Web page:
Understanding Water Availability Across Landscapes in a Time of Increasing Drought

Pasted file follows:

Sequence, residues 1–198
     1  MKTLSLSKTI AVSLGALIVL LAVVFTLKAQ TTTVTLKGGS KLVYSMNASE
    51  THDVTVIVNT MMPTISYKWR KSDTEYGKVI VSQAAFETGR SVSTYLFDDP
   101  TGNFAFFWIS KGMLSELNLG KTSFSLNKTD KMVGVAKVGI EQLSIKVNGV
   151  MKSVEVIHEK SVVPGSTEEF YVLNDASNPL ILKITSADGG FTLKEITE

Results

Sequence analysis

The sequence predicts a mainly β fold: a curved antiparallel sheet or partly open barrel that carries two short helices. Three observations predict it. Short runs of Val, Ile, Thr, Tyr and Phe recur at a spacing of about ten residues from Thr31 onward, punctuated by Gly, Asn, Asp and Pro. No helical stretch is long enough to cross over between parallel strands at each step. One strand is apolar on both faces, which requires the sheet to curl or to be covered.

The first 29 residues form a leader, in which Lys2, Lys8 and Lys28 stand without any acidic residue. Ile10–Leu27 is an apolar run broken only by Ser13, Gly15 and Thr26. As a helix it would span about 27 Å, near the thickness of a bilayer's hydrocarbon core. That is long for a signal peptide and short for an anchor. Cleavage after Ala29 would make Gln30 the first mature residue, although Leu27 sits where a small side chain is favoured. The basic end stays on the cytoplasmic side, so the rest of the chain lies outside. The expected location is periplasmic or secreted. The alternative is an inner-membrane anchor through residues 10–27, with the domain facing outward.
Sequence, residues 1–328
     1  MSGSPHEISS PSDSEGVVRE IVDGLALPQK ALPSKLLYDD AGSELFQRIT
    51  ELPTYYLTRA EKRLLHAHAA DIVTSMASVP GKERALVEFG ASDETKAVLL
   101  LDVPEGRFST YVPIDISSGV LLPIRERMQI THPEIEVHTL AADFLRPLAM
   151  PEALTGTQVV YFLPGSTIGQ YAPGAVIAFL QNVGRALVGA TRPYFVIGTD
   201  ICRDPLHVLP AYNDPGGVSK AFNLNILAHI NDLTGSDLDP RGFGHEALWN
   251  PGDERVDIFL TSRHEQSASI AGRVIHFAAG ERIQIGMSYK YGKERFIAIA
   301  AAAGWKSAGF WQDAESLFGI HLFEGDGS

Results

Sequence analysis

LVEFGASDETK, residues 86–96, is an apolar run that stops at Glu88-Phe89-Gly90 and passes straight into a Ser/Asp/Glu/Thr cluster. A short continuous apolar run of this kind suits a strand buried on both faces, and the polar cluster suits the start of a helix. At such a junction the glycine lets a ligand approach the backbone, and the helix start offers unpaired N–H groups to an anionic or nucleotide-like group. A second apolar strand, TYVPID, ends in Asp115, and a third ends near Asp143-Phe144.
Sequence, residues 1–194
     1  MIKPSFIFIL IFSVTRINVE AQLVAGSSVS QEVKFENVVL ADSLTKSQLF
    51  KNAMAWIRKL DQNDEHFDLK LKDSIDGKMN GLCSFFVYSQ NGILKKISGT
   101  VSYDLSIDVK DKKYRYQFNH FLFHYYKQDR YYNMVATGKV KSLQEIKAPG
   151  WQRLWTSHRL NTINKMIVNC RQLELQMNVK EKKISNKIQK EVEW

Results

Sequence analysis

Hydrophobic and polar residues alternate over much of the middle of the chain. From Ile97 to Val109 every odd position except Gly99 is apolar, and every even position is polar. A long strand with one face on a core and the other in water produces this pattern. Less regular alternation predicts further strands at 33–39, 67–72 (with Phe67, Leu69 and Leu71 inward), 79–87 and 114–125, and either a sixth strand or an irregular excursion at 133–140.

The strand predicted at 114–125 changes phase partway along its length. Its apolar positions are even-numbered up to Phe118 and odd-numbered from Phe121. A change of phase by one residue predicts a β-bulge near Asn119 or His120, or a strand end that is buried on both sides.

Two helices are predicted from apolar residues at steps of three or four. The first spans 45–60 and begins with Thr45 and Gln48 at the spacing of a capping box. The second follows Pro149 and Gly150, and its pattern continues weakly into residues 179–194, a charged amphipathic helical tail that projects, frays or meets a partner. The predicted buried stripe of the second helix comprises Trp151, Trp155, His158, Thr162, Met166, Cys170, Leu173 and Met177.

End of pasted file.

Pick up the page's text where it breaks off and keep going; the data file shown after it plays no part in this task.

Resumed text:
The permanence of stream flow in stream networks is a critical driver of water quality, in-stream and riparian ecological processes, and downstream water availability. Scientists currently know remarkably little, however, about how water is distributed across landscapes and how water availability changes in space and time in relation to land cover, geologic, and climatic drivers. This webinar highlights the framework and early results from a new initiative to address this fundamental information gap: WATR (Water Availability and Thermal Regimes). The WATR effort was initiated in the Great Basin of the western United States where limited water availability influences a host of sensitive species ranging from native trout to greater sage-grouse. With establishment of the WATR effort in the Great Basin, Jason Dunham and his colleagues are hoping to motivate additional efforts in other regions of the Nation to better understand water availability at the landscape extent. This webinar was conducted as part of the Climate Change Science and Management Webinar Series, hosted in partnership by the USGS National Climate Change and Wildlife Science Center and the FWS National Conservation Training Center.